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No asphalt on the road; how about crops instead?

  • Published at 07:50 pm July 27th, 2017
  • Last updated at 10:54 pm July 27th, 2017
No asphalt on the road; how about crops instead?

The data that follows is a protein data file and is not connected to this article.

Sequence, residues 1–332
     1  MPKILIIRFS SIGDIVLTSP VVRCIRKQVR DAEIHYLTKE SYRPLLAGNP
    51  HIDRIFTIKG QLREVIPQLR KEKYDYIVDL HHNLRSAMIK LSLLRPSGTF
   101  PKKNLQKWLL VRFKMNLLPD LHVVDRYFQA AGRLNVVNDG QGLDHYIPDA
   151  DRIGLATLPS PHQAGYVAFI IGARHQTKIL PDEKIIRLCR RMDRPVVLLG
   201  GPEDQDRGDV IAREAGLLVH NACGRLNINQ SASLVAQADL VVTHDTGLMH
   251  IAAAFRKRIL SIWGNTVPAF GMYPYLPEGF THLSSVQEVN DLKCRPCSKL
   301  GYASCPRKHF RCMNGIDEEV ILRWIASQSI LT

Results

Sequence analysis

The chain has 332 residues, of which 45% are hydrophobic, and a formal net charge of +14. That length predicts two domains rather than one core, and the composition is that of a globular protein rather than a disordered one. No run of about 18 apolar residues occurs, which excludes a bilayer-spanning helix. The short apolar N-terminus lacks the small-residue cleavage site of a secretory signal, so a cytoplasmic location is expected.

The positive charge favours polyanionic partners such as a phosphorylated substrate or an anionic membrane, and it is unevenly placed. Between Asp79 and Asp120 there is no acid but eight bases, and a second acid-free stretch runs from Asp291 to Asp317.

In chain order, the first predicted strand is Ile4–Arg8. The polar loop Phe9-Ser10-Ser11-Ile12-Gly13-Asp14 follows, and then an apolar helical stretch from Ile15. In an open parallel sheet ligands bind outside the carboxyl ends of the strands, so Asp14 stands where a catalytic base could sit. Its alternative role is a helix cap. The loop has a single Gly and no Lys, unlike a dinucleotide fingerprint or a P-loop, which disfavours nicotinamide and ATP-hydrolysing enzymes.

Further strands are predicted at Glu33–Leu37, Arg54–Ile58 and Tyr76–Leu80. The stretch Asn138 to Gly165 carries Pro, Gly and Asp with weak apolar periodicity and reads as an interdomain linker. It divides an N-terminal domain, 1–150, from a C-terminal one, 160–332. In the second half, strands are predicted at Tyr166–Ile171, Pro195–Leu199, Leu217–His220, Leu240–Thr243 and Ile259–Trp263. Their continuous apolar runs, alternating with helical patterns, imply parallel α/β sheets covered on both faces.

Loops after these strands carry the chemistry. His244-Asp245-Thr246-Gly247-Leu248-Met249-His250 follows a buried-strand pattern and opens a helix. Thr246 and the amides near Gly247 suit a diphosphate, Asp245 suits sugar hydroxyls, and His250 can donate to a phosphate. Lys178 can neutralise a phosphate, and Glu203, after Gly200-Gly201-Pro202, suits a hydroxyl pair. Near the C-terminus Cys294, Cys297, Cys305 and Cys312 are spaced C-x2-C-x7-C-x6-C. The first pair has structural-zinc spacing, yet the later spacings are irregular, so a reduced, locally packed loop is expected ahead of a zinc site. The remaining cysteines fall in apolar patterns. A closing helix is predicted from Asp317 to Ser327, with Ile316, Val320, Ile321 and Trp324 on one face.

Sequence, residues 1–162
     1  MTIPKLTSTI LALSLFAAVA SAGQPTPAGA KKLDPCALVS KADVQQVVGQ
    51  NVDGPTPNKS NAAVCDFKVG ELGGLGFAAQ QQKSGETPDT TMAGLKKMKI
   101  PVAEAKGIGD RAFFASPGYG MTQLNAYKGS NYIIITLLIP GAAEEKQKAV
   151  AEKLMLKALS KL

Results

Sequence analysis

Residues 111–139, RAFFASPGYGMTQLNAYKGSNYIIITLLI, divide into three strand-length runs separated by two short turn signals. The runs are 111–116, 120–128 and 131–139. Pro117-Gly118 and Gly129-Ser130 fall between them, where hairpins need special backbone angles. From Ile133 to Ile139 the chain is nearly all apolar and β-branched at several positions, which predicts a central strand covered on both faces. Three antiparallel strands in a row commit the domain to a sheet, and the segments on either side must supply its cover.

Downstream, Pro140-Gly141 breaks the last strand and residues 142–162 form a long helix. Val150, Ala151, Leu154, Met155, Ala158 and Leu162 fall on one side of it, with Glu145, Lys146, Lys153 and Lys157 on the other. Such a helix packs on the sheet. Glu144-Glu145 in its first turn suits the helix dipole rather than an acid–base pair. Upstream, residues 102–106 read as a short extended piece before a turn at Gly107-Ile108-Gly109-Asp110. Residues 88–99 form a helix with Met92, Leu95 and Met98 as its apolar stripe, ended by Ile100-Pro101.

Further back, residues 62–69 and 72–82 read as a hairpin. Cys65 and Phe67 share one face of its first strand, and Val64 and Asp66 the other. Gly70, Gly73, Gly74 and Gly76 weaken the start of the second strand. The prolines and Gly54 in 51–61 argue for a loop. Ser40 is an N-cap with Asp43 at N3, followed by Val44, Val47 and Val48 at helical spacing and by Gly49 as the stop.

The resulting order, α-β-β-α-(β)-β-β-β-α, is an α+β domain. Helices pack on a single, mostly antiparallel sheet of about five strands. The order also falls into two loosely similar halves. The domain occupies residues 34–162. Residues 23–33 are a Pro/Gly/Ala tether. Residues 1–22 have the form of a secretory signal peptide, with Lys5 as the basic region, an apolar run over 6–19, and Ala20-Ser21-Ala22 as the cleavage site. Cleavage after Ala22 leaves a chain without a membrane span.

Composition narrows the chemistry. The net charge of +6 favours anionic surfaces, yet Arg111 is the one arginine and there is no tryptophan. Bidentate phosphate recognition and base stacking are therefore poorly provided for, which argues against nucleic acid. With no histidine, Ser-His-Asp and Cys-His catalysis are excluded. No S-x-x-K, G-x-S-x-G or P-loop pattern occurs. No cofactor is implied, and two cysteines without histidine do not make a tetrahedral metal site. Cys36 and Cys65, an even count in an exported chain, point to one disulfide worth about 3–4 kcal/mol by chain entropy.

Residents of a populous region in Tangail took umbrage with the negligence of a major road, and planted paddy on the unpaved road to make their complaints evident to the local government. The six kilometer-long road stretching from Kachua to Mahanadpur passes through Sharashia, Basarchala and almost 10 other villages. It has been in dreadful condition for over 15 years. The lack of paving irked the locals to such an extent that they decided to protest in an innovative way. The road is used by thousands of people every day, yet the local government’s negligence has prolonged the suffering. [arve url="https://www.google.com/maps/d/u/0/embed?mid=1nnSrkJu36abBSlR5e87A2DhDJSY"/] At least 15 educational institutions are in the area including Kachua Primary School, Kachua High School, Sharashia-Basarchala High School, Sharashia Primary School, Mahanandpur High School, Mahanandpur Primary School, Sunstar BM College and several kindergartens. There are two community clinics and five major local bazaars on the road. Teachers and students alike have to fraught the arduous crossing of the road in monsoon. There are numerous complaints of people tripping and falling in the mud. The poor condition of the road also makes it difficult for farmers to take their produce to the local bazaars for sale. Abul Hossain, an eggplant farmer, said: “I planted eggplants over three acres of land. I could have made a fortune on them, but I ended up spending a fortune on transporting them.” Afroza Akhter, an eighth grader at Kachua High School, lamented the misfortune of having to traverse three kilometers of rough terrain which renders the students haggard for the rest of the day. The Dhaka Tribune asked a local government official, Kazi Fahad Quddus, about what they were doing about it. He said that a proposal to pave the road has been sent to the administration. The local government’s lack of assurance did not impress any of the locals. They are still fuming over the losses for being unable to transport crops to the bazaars. A local, refusing to be named, said: “They won’t pave the roads? Fine, we’ll plant crops on the road then!”